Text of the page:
The Lost World Darwin Character Analysis

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Personal growth is achieved from the struggles each of us endure throughout life. In the collection of short stories, The Lost World by Michael Chabon, the character traits of the adolescent protagonist, Nathan Shapiro, are revealed through the actions he takes as he faces life’s difficulties. In The Lost World collection, interactions with his family, love interests and friends, all provide evidence of Nathan’s fearful, easily embarrassed, and nostalgic nature. Nathan’s personality, experiences and relationships together explain Nathan’s behavior as he confronts the challenges that occur when facing adulthood, and leaving his youth behind.
In The Lost World, Nathan Shapiro’s characterization is as a generally fearful young man. {He is afraid
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First, in the story Admirals, Nathan’s easy embarrassment is brought to light, when he reacts to an episode between his father and the owner of an expensive, restored antique car that looked “like a small, wheeled mansion.” When Dr. Shapiro, Nathan’s father, walks over to the wealthy car owner, Nathan describes his father as looking “small, wet, bald, and faintly sloppy.” Then, after the owner responds in a curt way to Dr. Shapiro’s reaction to the “fabulous car,” the owner looks away dismissively, and Nathan is humiliated over his dad. Nathan realizes that “his father was a man whom a playboy would shun.” Nathan’s easy embarrassment is also conveyed in the story The Halloween Party. When Nathan first approaches his love interest Eleanor Parnell at her Halloween party, disappointingly she cannot guess the intention of Nathan’s bizarre Halloween costume. Nathan “forced himself to to meet the humiliation of her sympathetic gaze.” Moreover, in the story The Lost World, Nathan’s concern with embarrassment is clearly evident when he quickly stashes a letter inside a birdhouse, written to him by Chaya, instead of letting his friends read it. Nathan is “afraid that its contents might somehow embarrass him,” in the eyes of his peers, so he hides the letter rather than face the possibility of…show more content…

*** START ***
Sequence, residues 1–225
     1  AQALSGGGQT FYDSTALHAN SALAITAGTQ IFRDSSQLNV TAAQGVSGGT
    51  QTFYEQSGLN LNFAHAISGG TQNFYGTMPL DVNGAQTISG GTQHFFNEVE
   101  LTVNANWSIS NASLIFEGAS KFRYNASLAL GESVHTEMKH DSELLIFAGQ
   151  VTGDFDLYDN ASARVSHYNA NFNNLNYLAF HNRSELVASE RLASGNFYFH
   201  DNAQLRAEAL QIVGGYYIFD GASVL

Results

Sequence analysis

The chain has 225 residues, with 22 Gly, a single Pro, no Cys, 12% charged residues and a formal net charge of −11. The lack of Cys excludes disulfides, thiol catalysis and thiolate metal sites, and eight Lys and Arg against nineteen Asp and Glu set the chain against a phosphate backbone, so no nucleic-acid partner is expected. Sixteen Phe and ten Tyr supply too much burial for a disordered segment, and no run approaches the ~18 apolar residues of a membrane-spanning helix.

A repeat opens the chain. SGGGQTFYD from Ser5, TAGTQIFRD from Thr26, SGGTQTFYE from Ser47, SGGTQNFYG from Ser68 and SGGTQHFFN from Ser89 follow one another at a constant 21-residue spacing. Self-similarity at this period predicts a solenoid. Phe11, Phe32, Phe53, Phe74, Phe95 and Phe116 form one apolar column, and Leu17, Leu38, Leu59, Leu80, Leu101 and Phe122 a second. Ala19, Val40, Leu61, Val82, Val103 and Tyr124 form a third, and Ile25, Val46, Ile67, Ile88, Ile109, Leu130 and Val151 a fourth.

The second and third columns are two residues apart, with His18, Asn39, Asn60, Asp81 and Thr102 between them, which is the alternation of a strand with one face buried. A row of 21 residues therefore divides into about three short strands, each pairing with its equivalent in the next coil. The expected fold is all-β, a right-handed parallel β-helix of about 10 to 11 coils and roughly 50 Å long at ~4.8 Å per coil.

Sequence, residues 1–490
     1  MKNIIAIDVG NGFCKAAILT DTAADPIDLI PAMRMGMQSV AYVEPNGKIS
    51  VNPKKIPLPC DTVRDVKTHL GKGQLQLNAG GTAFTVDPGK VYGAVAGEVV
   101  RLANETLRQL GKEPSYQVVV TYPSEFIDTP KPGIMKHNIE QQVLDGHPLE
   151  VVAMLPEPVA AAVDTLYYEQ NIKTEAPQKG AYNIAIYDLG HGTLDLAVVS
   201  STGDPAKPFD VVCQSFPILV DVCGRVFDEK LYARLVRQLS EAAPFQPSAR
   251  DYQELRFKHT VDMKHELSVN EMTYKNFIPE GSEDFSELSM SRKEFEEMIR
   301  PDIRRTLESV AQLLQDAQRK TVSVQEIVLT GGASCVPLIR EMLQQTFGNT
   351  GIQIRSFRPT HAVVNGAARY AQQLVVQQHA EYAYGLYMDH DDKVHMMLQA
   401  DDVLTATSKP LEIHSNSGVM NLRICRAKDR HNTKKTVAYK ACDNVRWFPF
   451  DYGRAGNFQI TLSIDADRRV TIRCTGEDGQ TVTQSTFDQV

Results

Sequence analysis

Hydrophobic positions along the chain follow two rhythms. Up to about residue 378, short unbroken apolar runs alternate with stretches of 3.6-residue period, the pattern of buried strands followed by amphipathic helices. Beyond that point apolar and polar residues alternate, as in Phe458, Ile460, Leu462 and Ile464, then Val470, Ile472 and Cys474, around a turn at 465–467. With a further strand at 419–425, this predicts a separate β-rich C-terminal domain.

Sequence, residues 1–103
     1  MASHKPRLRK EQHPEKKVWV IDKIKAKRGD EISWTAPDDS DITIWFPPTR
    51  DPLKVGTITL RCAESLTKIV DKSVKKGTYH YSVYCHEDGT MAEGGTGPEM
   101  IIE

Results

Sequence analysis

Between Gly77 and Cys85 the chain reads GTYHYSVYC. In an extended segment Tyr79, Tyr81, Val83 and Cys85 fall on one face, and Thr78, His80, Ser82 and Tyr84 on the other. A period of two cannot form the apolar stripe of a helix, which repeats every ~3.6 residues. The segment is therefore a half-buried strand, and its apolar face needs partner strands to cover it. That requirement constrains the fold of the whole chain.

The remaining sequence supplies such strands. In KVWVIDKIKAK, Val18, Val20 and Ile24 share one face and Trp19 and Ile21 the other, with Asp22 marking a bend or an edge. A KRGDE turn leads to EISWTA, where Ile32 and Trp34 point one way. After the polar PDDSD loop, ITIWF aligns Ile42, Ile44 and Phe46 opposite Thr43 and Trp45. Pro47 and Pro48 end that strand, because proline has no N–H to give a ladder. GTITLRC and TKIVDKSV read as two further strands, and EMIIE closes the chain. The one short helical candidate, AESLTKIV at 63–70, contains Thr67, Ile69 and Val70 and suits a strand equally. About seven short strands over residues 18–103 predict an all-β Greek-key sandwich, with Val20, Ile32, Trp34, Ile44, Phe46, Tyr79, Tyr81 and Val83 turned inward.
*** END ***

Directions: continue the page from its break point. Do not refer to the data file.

For example, on the first page of the first story, The Little Knife, Nathan’s family trip to Nags Head, North Carolina “filled Nathan with a happy sadness.” The sight of an Automat there, wistfully reminds Nathan of spending days in New York City with his grandmother. “He was not too young at ten, to have developed a sense of nostalgia.” Furthermore, in The Lost World, while contemplating the new families he becomes part of as a result of his parents’ divorce and remarriages, Nathan “was looking for a reason, an excuse to feel so unmoored, at once so angry and nostalgic; and alcohol seemed to be doing the job.” Nathan is trying to come to terms with his parents’ divorce, and is working through the stages of mourning from rage to resignation, by numbing himself in “Old English 800” with his friends. Lastly, also in the story The Lost World, Nathan shows his nostalgic side in a conversation with his love interest, Chaya Feldman. Chaya and Nathan attended the same Hebrew school as children, and perhaps to endear him to her, he recounts a time they shared in class with a comical Hebrew school teacher. “Repeating a favorite, inscrutable admonishment,” Nathan portrays Mrs. Falutnick in “an accent he had not mimicked for six or seven years.” He “became saddened, and he sighed,” sharing this experience of their past, with Chaya. Thus, Nathan’s distinctly nostalgic nature is conveyed in his
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